Lagos State Governor, Mr Babatunde Fashola
Lagos State Governor, Mr Babatunde Fashola (SAN), weekend maintained that climate change rather than the Eko Atlantic City project was the cause of the recent ocean surge at the Kuramo Beach.
The governor, who spoke at the Lagos House, Ikeja during an interactive session with selected media executives, explained that the surge which claimed some lives and properties was as a result of natural occurrences around the world like hurricane, typhoon and advised the people to be prepared for such occurrences along the coastline.
Fashola explained that the Eko Atlantic City project is a re-clamation of Lagos land that had been washed away over the years by the beach, saying the area that is housing the project was the place used to be known as the Bar Beach.
He gave a detailed background of what used to happen in the area before the colonial government built the Apapa port, saying it was the obstruction of nature through the building of two moles at the Apapa port that made the sea wash away the entire community.
“If you build a mole, you have interrupted that natural flow and has resulted to a situation that the beach started taking away more sand than it was depositing. The Europeans built an automated mechanized system to regulate the sand deposit but when they left, we abandoned it and then the erosion continued without control,” he explained.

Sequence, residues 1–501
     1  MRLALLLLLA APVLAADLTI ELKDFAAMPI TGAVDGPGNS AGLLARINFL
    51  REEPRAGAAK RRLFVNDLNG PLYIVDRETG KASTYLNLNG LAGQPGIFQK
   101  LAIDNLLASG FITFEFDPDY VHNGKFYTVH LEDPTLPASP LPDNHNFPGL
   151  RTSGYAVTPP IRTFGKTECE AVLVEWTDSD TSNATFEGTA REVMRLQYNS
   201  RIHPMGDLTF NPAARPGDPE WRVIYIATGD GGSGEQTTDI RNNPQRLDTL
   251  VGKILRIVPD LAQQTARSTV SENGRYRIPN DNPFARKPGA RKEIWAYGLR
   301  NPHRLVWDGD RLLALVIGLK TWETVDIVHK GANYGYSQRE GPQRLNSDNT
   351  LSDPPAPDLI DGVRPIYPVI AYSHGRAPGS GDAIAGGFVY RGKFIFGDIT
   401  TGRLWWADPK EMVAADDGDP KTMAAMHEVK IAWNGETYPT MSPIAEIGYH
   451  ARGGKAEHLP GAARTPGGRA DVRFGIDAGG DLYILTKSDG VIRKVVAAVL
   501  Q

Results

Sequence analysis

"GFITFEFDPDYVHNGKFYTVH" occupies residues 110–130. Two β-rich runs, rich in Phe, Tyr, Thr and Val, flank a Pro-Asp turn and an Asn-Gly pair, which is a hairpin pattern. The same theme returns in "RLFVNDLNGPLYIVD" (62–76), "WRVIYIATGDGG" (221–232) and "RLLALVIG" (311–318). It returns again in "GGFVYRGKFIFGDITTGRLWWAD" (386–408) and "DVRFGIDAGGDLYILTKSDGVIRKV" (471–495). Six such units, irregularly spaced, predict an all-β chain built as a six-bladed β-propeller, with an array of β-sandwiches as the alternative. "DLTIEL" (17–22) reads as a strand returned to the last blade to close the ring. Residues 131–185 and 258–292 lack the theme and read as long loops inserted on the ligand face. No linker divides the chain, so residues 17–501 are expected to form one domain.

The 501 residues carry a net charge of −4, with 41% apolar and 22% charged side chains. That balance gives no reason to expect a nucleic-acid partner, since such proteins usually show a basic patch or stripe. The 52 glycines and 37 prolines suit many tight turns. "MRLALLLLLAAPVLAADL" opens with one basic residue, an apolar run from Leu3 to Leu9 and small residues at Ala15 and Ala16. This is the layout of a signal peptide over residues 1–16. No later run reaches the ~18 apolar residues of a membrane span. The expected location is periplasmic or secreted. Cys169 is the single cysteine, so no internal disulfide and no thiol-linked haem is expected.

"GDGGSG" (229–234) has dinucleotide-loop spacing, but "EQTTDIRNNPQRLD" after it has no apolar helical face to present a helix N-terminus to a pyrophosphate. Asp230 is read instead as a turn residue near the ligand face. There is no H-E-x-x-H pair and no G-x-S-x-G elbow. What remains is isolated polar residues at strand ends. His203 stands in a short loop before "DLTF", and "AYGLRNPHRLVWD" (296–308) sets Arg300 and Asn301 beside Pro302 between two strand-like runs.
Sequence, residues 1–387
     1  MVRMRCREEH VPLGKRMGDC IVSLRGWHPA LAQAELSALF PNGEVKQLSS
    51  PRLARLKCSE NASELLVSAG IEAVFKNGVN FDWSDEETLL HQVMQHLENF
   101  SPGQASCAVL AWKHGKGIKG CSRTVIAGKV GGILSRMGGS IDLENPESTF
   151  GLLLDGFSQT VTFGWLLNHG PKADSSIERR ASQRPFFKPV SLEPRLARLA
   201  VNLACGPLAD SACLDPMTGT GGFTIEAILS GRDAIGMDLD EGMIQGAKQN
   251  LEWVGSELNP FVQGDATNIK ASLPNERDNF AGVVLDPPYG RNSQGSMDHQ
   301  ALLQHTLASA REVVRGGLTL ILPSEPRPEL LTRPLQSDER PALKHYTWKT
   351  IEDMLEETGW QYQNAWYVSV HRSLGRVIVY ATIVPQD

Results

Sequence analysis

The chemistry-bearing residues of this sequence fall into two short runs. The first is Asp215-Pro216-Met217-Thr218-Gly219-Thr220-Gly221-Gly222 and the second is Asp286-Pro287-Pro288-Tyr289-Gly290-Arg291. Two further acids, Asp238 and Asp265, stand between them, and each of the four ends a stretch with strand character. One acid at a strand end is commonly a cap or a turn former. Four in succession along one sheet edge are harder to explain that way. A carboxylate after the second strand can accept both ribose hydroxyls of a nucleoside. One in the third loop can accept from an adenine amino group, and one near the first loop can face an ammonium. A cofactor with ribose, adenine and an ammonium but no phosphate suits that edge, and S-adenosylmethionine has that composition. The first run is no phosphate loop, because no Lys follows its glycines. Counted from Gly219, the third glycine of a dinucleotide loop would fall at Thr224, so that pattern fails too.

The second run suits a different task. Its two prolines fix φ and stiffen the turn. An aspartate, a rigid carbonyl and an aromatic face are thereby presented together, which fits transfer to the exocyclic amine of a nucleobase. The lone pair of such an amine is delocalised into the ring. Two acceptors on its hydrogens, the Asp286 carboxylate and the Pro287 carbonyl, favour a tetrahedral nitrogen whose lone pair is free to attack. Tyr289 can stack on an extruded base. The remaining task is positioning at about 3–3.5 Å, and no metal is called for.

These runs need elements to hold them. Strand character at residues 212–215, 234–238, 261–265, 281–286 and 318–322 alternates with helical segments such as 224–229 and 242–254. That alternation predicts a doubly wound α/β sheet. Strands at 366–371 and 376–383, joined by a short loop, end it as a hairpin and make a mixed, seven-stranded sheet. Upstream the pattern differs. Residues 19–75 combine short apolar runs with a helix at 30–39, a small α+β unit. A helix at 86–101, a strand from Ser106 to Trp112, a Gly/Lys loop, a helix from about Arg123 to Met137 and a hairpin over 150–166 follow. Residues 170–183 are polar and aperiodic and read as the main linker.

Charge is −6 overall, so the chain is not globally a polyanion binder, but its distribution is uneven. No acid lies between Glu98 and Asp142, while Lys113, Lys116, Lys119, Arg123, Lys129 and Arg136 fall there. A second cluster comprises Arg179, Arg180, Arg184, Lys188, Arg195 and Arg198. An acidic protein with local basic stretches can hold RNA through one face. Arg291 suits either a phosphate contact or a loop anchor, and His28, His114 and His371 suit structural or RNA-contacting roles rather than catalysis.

He said the sand replenishment exercise that is going on at Atlantic City now is a restoration of what used to be there before, adding that the State is not expanding but taking back what it has lost.
Fashola said in the past, the media was always awash with different stories and headlines about how the ocean had overflowed its banks and reached places like the Nigerian Law School at Akin Adesola and Nigerian Television Authority (NTA) at Ahmadu Bello Way with even the IMB Plaza overlooking the Bar Beach becoming empty of human activity.
He recalled that the solution embarked upon then by the government at the centre was to pump sand every two years which was costing the nation about three to four billion naira.